Title

Changes in sprint and jump performances after traditional, plyometric, and combined resistance training in male youth pre- and post-peak height velocity

Document Type

Journal Article

Publisher

Lippincott Williams & Wilkins

Place of Publication

United States

School

School of Medical and Health Sciences

RAS ID

19955

Comments

Originally published as: Lloyd, R. S., Radnor, J. M., De Ste Croix, M. B. A., & Cronin, J. (2015). Changes in sprint and jump performances after traditional, plyometric, and combined resistance training in male youth pre- and post-peak height velocity. Journal of Strength and Conditioning Research, 30(5), 1239-1247. Original article available here

Abstract

Lloyd, RS, Radnor, JM, De Ste Croix, MBA, Cronin, JB, and Oliver, JL. Changes in sprint and jump performances after traditional, plyometric, and combined resistance training in male youth pre- and post-peak height velocity. J Strength Cond Res 30(5): 1239–1247, 2016—The purpose of this study was to compare the effectiveness of 6-week training interventions using different modes of resistance (traditional strength, plyometric, and combined training) on sprinting and jumping performances in boys before and after peak height velocity (PHV). Eighty school-aged boys were categorized into 2 maturity groups (pre- or post-PHV) and then randomly assigned to (a) plyometric training, (b) traditional strength training, (c) combined training, or (d) a control group. Experimental groups participated in twice-weekly training programs for 6 weeks. Acceleration, maximal running velocity, squat jump height, and reactive strength index data were collected pre- and postintervention. All training groups made significant gains in measures of sprinting and jumping irrespective of the mode of resistance training and maturity. Plyometric training elicited the greatest gains across all performance variables in pre-PHV children, whereas combined training was the most effective in eliciting change in all performance variables for the post-PHV cohort. Statistical analysis indicated that plyometric training produced greater changes in squat jump and acceleration performances in the pre-PHV group compared with the post-PHV cohort. All other training responses between pre- and post-PHV cohorts were not significant and not clinically meaningful. The study indicates that plyometric training might be more effective in eliciting short-term gains in jumping and sprinting in boys who are pre-PHV, whereas those who are post-PHV may benefit from the additive stimulus of combined training.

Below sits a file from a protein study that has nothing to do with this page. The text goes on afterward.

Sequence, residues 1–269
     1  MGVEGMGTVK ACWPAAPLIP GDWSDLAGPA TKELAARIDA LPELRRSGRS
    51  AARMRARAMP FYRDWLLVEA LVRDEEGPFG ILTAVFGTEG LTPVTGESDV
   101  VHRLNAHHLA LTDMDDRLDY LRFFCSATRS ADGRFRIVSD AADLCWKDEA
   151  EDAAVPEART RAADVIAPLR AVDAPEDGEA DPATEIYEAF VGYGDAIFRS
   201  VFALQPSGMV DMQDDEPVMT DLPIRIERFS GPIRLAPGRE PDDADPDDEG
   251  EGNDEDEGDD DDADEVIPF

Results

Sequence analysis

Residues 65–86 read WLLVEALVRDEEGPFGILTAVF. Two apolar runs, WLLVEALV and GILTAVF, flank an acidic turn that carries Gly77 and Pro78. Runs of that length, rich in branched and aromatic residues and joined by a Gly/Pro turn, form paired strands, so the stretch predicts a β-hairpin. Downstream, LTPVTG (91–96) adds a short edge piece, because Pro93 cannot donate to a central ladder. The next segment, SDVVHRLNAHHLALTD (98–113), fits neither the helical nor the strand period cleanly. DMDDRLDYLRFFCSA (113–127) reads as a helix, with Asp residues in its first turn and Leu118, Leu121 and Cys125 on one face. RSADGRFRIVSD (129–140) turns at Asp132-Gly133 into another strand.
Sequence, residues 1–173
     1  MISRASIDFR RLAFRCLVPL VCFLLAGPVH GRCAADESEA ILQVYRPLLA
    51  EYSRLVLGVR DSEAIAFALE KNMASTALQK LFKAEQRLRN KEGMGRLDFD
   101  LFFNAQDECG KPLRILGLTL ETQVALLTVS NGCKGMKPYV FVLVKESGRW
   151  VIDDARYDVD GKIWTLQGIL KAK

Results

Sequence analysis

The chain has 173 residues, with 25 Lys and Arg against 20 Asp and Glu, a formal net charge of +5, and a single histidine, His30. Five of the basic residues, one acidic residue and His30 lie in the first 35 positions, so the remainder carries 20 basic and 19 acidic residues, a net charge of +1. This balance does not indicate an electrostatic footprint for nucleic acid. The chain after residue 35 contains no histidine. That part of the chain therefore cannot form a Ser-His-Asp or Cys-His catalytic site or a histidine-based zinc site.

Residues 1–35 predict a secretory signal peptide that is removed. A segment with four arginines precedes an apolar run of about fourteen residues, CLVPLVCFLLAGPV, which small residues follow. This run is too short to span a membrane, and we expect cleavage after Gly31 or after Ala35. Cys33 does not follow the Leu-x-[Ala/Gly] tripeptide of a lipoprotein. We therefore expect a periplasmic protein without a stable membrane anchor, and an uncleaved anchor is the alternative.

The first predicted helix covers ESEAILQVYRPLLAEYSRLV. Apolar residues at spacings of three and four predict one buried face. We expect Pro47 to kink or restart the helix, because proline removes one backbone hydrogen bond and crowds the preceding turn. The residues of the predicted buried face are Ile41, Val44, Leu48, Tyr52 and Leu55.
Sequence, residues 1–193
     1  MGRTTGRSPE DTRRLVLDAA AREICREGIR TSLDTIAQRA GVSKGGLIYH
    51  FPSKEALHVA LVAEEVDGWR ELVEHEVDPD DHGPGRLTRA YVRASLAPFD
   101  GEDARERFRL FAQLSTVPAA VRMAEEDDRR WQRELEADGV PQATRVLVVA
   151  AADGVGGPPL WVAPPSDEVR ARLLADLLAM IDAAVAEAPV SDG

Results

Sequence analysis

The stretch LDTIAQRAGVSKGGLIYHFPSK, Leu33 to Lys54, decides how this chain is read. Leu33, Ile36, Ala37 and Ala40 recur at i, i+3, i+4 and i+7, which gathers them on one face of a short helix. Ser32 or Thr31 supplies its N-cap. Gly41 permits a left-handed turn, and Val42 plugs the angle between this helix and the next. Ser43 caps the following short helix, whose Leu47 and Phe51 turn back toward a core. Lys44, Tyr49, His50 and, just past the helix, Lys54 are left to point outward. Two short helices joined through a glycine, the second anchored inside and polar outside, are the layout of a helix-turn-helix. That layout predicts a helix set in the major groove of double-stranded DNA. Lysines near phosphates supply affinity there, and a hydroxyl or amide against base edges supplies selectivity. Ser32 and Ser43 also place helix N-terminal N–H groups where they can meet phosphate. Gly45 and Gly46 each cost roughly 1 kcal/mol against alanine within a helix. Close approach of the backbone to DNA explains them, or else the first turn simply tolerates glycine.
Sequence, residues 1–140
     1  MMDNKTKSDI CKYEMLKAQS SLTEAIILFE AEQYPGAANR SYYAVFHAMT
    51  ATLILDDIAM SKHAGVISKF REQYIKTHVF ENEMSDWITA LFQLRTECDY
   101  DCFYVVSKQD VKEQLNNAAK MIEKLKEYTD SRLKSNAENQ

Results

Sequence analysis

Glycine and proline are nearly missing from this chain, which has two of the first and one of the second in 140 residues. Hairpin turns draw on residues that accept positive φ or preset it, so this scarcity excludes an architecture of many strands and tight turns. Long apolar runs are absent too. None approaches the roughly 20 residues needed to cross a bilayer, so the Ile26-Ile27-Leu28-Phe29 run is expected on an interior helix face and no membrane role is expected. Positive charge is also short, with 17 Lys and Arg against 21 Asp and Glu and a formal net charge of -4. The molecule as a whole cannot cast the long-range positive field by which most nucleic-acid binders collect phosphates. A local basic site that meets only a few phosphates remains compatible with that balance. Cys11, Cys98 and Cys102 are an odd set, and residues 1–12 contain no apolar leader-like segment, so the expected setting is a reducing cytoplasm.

DOI

10.1519/JSC.0000000000001216

Access Rights

Not open access